The SSA proposal to have the Appeals Council double in size to take on a small portion of the pending backlog has been contentious.  AALJ has vigorously opposed this attempt to undermine the public's right to a hearing before an Administrative Law Judge appointed under the APA.  This proposal would allow the attorney examiners at the AC (internally called Administrative Appeals Judges by the Agency) to hear approximately 10,000 non-DIB cases, such as overpayments, and 30,000 cases for supplemental hearings that would otherwise be remanded to ALJs.  Those claimants whose cases were heard under this proposal would have no other right of appeal within the Agency.  Their appeal would be to a U.S. district court.  For many of our claimants, that effectively means they have no further right of appeal given the cost of such appeals.  Prior to her election as president, Judge Zahm informed the NEB about this issue at a special meeting of the NEB, expressing her strong concerns about this program. 

Senator James Lankford (R-OK) wrote to Acting Commissioner Colvin expressing his concerns about this program.  Particularly concerning was the effect on claimants' due process rights under the APA.  Acting Commissioner Colvin responded to Senator Lankford, and explained SSA's position on this program.  See her attachments to this letter  here, here, here, and here.  AALJ was able to obtain a legal opinion from Dean Harold J. Krent of the IIT Chicago-Kent College of Law, a noted expert on administrative law, which concluded that the AAJ program was ultra vires.  A hearing on this issue was scheduled for May 12, 2016, before the Senate Homeland Security and Governmental Affairs Subcommittee on Regulatory Affiars and Federal Managment.  Statements were submitted prior to the hearing by Deputy Commissioner Theresa Gruber, OPM Associate Director Joseph Kennedy, and AALJ President Marilyn Zahm.  Senator Lankford's opening statement can be seen here.  Senator Lankford asked President Zahm a question regarding her opinion as to why there is a backlog.  The opening statement of the Ranking Member, Senator Heidi Heitkamp (D-ND), can be seen here, along with the parts of the hearing where she particularly questioned the participants.  Senator Heitkamp asked Deputy Commissioner Gruber if she would hit the "pause button" on this program.  The entire hearing can be seen at the senate video site (there is approximately 20 minutes at the start which is blank, as the hearing started late).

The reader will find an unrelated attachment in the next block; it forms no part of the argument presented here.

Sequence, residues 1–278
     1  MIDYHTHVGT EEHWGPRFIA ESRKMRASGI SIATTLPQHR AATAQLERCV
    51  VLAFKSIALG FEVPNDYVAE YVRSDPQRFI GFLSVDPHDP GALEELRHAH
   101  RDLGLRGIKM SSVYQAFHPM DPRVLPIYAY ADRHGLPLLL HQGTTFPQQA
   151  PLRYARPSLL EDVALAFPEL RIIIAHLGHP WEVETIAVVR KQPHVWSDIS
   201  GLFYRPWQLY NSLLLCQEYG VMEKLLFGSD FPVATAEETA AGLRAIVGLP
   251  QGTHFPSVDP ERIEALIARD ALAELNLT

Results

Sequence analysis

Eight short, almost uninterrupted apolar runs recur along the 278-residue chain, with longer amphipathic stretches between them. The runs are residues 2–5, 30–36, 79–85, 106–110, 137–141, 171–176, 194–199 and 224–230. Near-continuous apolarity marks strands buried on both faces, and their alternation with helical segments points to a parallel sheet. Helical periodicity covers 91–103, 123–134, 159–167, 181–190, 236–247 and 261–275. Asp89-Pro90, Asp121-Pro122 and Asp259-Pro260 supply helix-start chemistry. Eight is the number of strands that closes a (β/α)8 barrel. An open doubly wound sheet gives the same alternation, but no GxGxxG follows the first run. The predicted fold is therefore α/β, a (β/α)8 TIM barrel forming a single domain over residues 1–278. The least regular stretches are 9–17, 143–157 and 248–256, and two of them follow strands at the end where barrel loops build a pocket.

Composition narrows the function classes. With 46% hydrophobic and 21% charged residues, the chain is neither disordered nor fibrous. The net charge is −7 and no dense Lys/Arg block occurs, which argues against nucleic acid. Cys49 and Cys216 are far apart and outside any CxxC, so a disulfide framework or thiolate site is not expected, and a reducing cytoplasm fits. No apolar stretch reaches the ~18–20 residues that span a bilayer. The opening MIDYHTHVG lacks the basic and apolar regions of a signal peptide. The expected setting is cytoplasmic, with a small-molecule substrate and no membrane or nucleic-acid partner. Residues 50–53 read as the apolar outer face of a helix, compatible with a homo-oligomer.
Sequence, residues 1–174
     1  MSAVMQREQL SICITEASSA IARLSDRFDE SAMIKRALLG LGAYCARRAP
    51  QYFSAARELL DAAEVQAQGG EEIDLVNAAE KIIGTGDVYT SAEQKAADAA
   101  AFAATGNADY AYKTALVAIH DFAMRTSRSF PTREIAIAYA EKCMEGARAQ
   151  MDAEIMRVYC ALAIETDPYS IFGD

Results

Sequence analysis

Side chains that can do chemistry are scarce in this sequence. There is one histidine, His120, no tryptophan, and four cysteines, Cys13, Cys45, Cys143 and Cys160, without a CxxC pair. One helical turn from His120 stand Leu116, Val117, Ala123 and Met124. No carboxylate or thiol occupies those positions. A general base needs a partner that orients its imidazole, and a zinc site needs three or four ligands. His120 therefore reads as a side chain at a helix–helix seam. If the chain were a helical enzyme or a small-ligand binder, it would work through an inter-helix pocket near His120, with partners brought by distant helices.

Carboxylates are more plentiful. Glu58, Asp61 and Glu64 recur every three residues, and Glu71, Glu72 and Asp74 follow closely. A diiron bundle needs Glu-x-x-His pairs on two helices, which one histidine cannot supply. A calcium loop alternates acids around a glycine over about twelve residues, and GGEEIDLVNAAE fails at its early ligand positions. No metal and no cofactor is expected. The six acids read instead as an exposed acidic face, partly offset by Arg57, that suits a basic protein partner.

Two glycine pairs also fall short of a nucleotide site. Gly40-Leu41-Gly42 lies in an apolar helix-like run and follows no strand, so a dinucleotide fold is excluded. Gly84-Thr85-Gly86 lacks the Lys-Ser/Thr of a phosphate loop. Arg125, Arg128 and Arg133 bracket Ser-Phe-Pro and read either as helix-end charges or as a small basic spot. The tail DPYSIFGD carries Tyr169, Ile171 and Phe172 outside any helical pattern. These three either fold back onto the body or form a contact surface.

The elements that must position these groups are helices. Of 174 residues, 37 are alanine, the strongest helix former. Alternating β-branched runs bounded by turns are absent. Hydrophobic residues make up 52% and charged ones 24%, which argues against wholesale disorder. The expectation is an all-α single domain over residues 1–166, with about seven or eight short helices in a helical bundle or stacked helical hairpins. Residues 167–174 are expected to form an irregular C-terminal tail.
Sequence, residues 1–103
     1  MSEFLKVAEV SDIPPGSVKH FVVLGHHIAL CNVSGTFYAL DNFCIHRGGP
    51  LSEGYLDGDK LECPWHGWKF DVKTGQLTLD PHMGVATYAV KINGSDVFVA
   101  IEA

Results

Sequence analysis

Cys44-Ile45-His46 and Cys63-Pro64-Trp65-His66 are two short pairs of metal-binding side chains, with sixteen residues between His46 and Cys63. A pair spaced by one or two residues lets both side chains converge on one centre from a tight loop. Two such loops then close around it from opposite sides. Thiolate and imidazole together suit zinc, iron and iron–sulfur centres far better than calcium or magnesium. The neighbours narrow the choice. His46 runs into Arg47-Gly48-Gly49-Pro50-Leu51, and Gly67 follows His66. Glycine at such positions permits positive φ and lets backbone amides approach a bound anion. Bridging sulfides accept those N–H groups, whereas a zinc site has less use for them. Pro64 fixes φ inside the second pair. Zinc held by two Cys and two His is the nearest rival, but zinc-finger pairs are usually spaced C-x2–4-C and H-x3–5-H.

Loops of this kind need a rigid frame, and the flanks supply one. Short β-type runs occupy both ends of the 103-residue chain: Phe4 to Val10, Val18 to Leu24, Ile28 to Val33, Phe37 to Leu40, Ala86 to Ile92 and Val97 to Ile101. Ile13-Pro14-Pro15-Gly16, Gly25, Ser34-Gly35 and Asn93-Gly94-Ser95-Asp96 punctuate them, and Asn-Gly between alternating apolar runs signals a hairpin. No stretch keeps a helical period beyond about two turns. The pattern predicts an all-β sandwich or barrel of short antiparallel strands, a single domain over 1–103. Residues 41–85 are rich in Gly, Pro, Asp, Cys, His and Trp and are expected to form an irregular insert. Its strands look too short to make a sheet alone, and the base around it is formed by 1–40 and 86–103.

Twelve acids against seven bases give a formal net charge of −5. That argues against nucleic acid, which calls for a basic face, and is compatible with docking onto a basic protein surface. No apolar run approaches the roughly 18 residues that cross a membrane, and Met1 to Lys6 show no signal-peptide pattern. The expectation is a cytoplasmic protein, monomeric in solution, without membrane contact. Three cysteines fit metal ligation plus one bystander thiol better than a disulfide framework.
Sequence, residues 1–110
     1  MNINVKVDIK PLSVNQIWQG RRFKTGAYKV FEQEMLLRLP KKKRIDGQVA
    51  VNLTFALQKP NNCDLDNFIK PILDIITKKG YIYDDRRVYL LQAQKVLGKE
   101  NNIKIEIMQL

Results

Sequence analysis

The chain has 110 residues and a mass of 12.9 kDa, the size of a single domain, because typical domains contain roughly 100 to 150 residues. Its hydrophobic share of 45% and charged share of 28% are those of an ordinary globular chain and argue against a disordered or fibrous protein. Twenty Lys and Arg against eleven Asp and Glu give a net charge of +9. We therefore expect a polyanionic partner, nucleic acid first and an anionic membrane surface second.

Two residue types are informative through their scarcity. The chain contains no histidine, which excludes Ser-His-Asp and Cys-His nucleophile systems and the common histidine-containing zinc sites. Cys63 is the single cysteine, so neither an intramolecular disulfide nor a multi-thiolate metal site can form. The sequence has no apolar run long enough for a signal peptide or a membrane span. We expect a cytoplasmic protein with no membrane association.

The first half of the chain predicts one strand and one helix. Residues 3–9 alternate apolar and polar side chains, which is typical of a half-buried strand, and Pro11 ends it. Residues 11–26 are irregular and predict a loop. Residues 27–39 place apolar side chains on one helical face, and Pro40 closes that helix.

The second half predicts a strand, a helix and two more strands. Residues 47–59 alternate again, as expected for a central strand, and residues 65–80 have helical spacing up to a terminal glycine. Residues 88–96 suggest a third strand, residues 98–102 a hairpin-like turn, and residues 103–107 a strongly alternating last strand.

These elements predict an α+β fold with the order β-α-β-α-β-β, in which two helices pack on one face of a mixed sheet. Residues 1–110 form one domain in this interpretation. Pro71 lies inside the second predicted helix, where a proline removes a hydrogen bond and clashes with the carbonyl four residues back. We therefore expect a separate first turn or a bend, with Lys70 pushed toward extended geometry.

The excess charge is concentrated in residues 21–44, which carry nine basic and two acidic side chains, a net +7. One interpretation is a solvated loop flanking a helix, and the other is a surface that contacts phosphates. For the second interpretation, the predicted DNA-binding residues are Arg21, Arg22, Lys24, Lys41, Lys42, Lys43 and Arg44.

AALJ is not the only organization expressing concern about SSA's proposal.  The Forum of US Administrative Law Judges sent a letter, as did the Federal Administrative Law Judges Conference and the ABA.  The issues were reported in a Huffington Post article, which was copied onto the NOSSCR website.  IFPTE, our parent union, highlighted President Zahm's testimony, and Senator Lankford's press release after the hearing emphasized his concerns. 

President Zahm was to meet with Deputy Commissioner Gruber at the end of May.  AALJ is working hard to have this program withdrawn.  It will have very little impact on the overall backlog, and it deprives a class of claimants of their right to a due process hearing in front of a judge who has qualified judicial independence under the APA.  For those claimants who would be caught by this net, it's fundamentally unfair.